She returned home as night fell. She had been living in the same house since she was a child, but the house had never felt this empty. At least, since her mother died. Now the walls felt unstable, just as how she felt inside. It was true that the recent occurences were fast-paced, but she knew that she was sure with what she felt. Crisostomo Ibarra—the mysterious, intelligent, controversial man from the islands of the Philippines. He won her over in just a few days. He was a dashing young man, full of potential, wisdom, and beauty. How she can ever move on and forget, she did not know.

On her way back to her room, she found a note stuck in between the doors. She took it and opened the doors, slipping inside the room. On one face of the folded-up paper, her name was written.

A note from Crisostomo.

She felt her heart skip a beat.

With shaking, hurried hands, she unfolded the piece of paper.

Japan has enchanted me. The beautiful scenery, the flowers, the trees, and the inhabitants–so peaceful, so courteous, and so pleasant. O-Sei-San, Sayonara, Sayonara! I have spent a happy golden month; I do not know if I can have another one like that in all my life. Love, money, friendship, appreciation, honors–these have not been wanting.

To think that I am leaving this life for the uncertain, the unknown. There I was offered an easy way to live, beloved and esteemed.

To you I dedicate the final chapter of these memoirs of my youth. No woman, like you has ever loved me. No woman, like you has ever sacrificed for me. Like the flower of the chodji that falls from the stem fresh and whole without falling leaves or without withering –with poetry still despite its fall–thus you fell. Neither have you lost your purity nor have the delicate petals of your innocence faded–Sayonara, Sayonara!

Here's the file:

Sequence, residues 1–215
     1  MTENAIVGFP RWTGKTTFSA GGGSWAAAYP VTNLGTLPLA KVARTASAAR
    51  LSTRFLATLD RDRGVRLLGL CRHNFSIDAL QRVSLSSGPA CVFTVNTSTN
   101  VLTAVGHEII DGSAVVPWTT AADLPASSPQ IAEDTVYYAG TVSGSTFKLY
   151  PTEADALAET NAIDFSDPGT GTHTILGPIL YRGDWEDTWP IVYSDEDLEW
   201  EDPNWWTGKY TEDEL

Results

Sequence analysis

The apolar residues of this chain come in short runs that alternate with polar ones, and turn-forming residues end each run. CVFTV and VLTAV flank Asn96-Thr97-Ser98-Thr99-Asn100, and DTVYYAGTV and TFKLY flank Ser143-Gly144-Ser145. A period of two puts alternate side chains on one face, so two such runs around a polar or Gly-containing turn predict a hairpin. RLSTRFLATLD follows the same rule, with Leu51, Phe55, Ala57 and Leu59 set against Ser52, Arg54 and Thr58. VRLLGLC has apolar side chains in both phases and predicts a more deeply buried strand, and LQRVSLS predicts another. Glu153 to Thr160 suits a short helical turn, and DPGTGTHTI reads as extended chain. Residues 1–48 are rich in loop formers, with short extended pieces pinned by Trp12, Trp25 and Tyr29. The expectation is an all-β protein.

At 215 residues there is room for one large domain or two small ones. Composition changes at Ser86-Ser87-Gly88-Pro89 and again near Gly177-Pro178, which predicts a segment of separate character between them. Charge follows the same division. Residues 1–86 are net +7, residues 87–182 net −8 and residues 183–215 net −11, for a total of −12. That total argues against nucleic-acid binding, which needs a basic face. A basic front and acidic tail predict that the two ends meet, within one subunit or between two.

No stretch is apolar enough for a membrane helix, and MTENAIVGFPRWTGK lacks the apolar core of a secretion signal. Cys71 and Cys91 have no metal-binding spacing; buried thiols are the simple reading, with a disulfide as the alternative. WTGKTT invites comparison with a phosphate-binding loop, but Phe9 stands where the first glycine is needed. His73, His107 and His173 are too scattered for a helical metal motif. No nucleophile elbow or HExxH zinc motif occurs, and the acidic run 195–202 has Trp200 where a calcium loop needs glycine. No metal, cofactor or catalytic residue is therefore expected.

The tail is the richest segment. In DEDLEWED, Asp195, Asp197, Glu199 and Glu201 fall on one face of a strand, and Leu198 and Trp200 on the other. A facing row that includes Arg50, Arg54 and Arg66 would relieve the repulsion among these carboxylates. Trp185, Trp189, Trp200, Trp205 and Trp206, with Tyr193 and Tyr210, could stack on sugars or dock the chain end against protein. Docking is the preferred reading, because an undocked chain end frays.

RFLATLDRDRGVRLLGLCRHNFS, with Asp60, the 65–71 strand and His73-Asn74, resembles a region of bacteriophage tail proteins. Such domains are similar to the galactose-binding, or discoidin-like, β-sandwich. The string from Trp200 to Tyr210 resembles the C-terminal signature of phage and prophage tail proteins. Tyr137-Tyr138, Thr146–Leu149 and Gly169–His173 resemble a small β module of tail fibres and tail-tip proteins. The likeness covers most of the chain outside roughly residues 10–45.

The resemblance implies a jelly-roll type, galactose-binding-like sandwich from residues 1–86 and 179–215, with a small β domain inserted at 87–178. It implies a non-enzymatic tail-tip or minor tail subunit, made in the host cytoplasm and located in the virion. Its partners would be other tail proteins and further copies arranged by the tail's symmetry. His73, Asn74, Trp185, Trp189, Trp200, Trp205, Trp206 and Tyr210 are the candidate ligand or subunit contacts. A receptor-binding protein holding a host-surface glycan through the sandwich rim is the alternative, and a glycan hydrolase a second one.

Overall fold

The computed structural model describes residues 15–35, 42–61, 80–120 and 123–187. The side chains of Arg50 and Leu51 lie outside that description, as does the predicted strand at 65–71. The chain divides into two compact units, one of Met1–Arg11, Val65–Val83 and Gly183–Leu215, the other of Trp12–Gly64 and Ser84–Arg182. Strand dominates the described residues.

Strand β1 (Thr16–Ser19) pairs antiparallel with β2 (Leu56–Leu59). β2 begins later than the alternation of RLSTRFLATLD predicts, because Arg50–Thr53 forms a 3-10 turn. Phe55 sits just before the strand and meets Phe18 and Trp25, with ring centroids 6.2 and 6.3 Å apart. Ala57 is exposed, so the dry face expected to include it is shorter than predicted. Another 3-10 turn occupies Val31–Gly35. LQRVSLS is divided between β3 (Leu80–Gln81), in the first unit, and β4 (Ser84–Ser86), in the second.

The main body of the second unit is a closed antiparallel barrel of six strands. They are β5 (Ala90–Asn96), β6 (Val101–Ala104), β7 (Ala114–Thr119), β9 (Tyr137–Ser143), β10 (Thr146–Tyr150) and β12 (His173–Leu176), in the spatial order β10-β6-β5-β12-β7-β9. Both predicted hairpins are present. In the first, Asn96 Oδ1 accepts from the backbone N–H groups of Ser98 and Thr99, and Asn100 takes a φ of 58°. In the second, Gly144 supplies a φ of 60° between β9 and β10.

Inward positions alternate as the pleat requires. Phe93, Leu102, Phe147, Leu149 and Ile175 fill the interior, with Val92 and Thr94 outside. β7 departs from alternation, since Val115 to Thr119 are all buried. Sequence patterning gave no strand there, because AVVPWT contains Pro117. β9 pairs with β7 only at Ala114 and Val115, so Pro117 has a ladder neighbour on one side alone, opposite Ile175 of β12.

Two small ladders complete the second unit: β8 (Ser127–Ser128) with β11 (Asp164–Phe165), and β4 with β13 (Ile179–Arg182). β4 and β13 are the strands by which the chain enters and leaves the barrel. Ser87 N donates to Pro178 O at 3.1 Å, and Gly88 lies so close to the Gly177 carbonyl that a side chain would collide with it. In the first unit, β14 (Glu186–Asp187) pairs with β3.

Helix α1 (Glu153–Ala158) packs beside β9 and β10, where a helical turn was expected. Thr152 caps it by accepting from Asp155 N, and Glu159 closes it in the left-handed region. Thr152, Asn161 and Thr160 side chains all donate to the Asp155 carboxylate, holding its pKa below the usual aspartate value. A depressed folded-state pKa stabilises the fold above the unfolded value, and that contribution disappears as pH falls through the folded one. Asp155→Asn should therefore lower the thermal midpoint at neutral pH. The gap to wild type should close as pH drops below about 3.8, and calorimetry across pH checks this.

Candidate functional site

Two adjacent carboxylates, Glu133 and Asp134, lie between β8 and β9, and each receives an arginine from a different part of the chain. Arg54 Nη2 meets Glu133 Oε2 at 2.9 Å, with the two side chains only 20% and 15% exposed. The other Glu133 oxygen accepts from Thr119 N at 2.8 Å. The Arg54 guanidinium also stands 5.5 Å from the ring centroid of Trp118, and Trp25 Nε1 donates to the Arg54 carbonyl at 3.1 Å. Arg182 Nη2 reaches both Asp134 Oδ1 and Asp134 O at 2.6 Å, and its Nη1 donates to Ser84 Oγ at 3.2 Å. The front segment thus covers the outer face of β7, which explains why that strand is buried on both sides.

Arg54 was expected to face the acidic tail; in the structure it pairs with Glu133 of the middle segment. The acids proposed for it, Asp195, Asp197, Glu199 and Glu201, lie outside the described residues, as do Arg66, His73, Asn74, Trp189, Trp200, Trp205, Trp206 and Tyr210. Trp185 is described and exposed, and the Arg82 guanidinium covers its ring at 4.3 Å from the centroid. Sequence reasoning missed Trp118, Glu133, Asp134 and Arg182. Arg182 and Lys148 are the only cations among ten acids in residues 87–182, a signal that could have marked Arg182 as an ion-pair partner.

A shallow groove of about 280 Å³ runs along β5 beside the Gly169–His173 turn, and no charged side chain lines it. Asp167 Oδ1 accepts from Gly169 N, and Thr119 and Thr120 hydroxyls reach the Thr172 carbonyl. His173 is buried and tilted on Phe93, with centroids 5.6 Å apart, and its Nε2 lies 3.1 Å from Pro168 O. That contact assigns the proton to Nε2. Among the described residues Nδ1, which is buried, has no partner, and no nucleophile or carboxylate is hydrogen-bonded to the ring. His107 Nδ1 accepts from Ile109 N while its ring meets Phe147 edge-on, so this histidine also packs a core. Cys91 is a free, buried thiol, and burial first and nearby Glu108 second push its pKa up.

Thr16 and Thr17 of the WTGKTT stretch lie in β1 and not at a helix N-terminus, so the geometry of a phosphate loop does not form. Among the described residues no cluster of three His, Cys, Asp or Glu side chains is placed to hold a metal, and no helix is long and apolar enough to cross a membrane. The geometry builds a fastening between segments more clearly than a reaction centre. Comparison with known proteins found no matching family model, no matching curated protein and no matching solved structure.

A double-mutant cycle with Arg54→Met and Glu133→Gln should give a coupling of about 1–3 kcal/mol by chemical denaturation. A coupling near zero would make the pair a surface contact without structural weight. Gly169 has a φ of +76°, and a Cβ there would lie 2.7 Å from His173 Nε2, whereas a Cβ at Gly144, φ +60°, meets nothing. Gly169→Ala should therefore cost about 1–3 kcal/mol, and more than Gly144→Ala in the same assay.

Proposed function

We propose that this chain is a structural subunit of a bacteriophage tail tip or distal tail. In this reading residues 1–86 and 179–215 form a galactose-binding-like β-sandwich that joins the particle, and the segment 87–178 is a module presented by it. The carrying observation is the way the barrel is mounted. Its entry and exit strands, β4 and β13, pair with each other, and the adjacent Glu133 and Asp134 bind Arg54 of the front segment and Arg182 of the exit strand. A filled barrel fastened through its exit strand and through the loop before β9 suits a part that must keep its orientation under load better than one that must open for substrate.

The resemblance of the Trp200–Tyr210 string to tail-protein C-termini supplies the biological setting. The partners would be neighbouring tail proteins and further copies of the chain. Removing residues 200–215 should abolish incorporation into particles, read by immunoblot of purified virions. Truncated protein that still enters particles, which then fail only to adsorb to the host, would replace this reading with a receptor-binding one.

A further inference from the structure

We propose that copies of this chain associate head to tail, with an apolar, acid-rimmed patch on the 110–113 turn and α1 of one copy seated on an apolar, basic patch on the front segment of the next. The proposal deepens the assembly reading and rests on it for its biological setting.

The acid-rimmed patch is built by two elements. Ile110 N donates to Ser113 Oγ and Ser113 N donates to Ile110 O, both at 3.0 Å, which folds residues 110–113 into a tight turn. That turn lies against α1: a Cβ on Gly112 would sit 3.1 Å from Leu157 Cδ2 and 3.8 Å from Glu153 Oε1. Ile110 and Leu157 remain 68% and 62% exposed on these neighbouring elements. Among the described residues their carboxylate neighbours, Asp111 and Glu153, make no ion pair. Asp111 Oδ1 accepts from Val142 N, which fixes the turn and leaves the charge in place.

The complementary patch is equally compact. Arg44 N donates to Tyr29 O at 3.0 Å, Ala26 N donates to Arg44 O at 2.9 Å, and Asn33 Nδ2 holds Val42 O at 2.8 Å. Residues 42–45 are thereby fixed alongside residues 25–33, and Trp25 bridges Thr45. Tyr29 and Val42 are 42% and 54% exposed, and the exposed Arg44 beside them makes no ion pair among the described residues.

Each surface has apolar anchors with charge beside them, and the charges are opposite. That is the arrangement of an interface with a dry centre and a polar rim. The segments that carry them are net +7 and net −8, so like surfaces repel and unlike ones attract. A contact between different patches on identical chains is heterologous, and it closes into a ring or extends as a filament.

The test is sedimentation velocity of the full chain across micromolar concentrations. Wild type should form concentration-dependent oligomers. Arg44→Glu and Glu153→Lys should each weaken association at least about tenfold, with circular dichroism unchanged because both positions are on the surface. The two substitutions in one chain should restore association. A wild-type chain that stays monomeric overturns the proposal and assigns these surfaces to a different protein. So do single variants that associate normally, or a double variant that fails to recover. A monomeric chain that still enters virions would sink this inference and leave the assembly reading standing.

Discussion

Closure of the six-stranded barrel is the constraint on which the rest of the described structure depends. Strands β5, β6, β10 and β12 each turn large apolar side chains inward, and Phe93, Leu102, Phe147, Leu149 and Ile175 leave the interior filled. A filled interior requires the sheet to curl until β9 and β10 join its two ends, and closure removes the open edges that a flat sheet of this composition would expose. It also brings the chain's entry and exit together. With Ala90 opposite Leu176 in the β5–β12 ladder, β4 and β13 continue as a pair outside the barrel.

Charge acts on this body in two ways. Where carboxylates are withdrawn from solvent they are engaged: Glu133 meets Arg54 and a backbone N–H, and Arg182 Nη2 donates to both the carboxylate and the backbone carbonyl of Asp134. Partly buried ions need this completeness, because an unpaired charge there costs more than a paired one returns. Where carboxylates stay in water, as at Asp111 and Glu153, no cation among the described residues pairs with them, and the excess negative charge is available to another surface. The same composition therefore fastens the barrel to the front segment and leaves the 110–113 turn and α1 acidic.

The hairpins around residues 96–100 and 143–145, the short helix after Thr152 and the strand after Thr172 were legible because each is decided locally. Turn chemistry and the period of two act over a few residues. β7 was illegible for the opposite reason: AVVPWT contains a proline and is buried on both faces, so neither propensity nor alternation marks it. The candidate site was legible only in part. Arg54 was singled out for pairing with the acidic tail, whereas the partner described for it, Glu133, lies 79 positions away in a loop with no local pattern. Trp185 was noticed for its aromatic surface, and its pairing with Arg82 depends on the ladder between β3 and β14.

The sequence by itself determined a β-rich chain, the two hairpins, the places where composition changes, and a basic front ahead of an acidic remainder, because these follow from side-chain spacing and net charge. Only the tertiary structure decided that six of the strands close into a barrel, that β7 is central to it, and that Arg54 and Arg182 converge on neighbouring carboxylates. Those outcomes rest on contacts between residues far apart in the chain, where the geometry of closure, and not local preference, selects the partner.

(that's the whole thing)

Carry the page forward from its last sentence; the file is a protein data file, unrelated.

You shall never return to know that I have once more thought of you and that your image lives in my memory; and undoubtedly, I am always thinking of you. Your name lives in the sight of my lips, your image accompanies and animates all my thoughts. When shall I return to pass another divine afternoon like that in the temple of Maguro? When shall the sweet hours I spent with you return? When shall I find them sweeter, more tranquil, more pleasing? You the color of the camellia, its freshness, its elegance…

Ah! Last descendant of a noble family, faithful to an unfortunate vengeance, you are lovely like…everything has ended! Sayonara, Sayonara!


Her Simoun…

She folded back the paper and closed her eyes, listening to the ambient sounds around her, letting time and space swallow her loneliness. Exactly a week from now, she would be introduced to the man her father wanted her to marry. She knew this would be happening, and Ibarra was her bittersweet escape from the sick reality that she never really had a choice. She might have to marry sooner than she would have hoped, but now she knew she had a reason to have this unwanted wedding delayed.

She would be waiting for Ibarra’s return, even though he never had left any promises of coming back. She would be waiting, and only when she is finally certain that he has learned to forget her will she marry someone else.

* * *

Crisostomo Ibarra was back on the seas, now on his way to Europe. There he stood on the ship, looking out in the open, watching the seas grow wider in front of him. Slowly he got farther away from Japan, where he left the woman named Yuka. In love he might have grown, but he knew he had a responsibility to his country he could not simply leave. His country weighed more than personal interest, he kept repeating to himself. Yuka became his novocaine, but the numbness had to wear off soon. He needed his pain to serve as his guide. Gazing at the seas, he accepted his fate of staying lonely for the sake of his plans of avenging his brethren. In due time, he shall return to the Philippines and fulfill his plans. Now he was left to wonder, should the time finally arrive and he has come back from Europe, what might happen when he finally meets Maria Clara once again.



This story was written to serve as an interquel for Noli Me Tangere and El Filibusterismo. “Northeastern Novocaine” tells the story of Crisostomo Ibarra as a reimagining of Rizal’s reported experiences in Japan. The letter in this story is an alteration of Rizal’s own letter to his Japanese lover, O-Sei-San.